By Solomon Moon
Many people may not be aware of Peter Parker's Jewish origins. The web slinging superhero, Spider-Man has the power to climb walls, lift objects 100 times his size, and shoot spider webs from his wrists. That may sound fantastical, but his greatest superpower is something we all possess. It's the same power that G-d exercises daily on our behalf, and it's a power that can change lives. Whether or not we choose to use that special power is always a choice left to us.
This week's Torah portion, Shemot, commences the journey of the Israelites to be led out of slavery by the Divine. G-d, being mindful of their suffering, sought to liberate the Israelites from Egypt. This act of life-sustaining lovingkindness to support and care for the ancient Israelites is demonstrative of G-d's chesed. But there are a few others in this parsha who do chesed in a way that embodies the same kindness exhibited by the Divine. They are the amazing women in this story whose compassion essentially saves the life of Moses.
Fans of Spider-Man will know the famous words of Peter Parker's Uncle Ben: "With great power comes great responsibility." This is a lesson that can also be learned from Moses, the midwives, Batiya, Miriam, and Yocheved as well. For instance, when Batiya, Pharaoh's daughter, finds Moses in the river and refuses
to commit infanticide simply because he was a Hebrew baby boy, her compassion proved itself to not only be life-saving but also one of the catalysts for liberation of the Hebrews.
It can be difficult to see the significance and impact of one small act of kindness amid a great number of tragedies and grief. Yet, it is also important to never forget people like Miriam, Yocheved, Batiya, Zipporah, Shifra, and Puah. These heroines did not have super strength or the ability to wrangle evil-doers with spiderwebs. They instead possessed a greater gift and power: the ability to show compassion and empathy for the stranger, the other, the oppressed, and the alleged enemy.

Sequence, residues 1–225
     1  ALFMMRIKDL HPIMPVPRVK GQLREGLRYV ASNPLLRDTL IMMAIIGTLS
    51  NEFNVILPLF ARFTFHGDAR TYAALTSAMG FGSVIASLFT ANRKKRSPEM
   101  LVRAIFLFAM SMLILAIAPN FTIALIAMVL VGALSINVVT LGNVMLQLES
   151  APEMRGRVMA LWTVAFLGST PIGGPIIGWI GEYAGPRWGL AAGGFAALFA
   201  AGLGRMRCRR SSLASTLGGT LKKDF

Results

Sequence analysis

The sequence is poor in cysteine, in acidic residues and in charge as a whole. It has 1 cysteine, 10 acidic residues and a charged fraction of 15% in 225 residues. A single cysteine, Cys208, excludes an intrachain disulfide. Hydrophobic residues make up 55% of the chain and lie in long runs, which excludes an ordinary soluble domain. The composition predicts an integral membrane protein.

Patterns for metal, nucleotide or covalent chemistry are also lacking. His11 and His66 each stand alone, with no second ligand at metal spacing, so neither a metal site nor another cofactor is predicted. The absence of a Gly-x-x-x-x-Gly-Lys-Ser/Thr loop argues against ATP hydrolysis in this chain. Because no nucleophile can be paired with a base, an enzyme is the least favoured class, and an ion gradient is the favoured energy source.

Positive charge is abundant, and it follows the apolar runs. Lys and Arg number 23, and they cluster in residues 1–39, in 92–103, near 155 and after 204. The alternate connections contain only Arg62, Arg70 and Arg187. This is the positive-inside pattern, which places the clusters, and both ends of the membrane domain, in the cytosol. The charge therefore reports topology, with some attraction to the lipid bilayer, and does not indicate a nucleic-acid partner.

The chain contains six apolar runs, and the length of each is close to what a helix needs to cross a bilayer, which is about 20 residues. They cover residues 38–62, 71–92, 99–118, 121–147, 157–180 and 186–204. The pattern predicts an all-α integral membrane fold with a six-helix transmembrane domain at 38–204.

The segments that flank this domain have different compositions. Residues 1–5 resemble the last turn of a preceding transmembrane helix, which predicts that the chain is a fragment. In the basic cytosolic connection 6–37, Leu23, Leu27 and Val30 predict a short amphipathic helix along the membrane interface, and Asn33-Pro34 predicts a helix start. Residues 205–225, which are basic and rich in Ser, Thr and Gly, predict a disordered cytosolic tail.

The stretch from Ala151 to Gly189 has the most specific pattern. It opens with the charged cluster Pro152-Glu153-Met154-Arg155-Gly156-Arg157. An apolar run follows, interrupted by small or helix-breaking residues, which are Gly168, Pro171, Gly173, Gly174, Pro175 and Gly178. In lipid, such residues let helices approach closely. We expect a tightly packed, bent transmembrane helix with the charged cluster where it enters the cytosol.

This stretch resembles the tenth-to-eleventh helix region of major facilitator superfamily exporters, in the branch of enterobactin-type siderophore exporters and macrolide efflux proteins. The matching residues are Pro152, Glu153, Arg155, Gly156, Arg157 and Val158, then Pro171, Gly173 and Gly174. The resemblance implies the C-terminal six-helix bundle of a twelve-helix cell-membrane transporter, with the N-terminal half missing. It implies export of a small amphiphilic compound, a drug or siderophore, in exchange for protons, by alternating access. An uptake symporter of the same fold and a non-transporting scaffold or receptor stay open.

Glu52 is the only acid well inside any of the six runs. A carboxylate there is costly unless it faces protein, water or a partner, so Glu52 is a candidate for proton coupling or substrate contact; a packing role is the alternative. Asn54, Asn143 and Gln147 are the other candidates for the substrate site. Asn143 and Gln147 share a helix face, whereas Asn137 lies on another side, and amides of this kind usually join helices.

These women looked beyond themselves and the consequences that could have befallen them, such as for defying Pharaoh, to see their humanity reflected in another human being regardless of race, ethnicity, or gender. Then, they extended to "the other" the same unconditional lovingkindness that G-d offers to everyone. This teaches that out of the 7 billion people enduring their own hardships, even if it's just one person who is the recipient of your kindness, you have made the world a better place. While a single act of kindness may seem small relative to the grand scheme of life, it can mean the world to that person.
Peter didn't get the slogan "Friendly Neighborhood Spider-Man" just because he saves lives and fights crime. Spider-Man took on the title after his act of unkindness led to the death of his uncle. After a bookie refused to pay Peter in the Spider-Man film, Peter chose to let a robber escape even though he had the power to stop the criminal. That same criminal killed Peter’s Uncle Ben shortly after. Since then, Peter made it a habit to use his powers for good and do acts of kindness. He's a superhero who not only saves lives but also shows up for his fans in the hospital and helps the elderly cross the street safely.
Kindness in whatever form it takes is an imperative because it can soften the hardest hearts. It’s what can transform the stranger into a neighbor or friend. Needless to say but all the more important to remember, communities and relationships are forged and strengthened through compassion and empathy, not hatred and violence. Psalms reminds us that the world was created from G-d's chesed. Likewise, Tikkun Olam and a better tomorrow can be achieved through our chesed because kindness begets kindness.
Suffering becomes bearable and worth persevering through when compassion relieves the pain of others. Everyone struggles and is fighting their own battles, but no one need fight alone. Batiya’s kindness towards Moses is her way of standing with the Israelites and humanity in solidarity. To relieve the suffering of another is the greatest gift we can share, the greatest power we all possess. For it is our collective responsibility to acknowledge other people’s suffering as our own and to act compassionately towards them, as Batiya does for Moses.